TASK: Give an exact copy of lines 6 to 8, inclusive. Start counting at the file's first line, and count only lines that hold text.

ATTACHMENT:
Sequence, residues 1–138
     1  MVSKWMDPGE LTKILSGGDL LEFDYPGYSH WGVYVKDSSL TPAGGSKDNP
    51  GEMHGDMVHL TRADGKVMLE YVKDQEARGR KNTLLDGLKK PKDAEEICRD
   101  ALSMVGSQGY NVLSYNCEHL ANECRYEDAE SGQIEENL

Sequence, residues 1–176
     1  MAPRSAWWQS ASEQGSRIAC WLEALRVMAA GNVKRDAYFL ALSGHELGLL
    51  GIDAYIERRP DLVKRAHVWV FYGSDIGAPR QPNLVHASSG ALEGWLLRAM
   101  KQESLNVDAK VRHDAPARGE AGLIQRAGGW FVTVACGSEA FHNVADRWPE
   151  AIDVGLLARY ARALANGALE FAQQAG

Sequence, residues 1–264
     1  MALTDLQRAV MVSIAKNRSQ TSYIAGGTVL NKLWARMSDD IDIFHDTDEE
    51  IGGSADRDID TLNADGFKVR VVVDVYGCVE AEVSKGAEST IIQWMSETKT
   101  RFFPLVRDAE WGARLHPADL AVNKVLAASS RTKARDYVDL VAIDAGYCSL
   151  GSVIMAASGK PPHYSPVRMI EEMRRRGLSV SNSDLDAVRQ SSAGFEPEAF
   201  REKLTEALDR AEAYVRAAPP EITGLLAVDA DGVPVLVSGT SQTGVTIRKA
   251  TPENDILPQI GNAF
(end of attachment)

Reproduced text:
     1  MAPRSAWWQS ASEQGSRIAC WLEALRVMAA GNVKRDAYFL ALSGHELGLL
    51  GIDAYIERRP DLVKRAHVWV FYGSDIGAPR QPNLVHASSG ALEGWLLRAM
   101  KQESLNVDAK VRHDAPARGE AGLIQRAGGW FVTVACGSEA FHNVADRWPE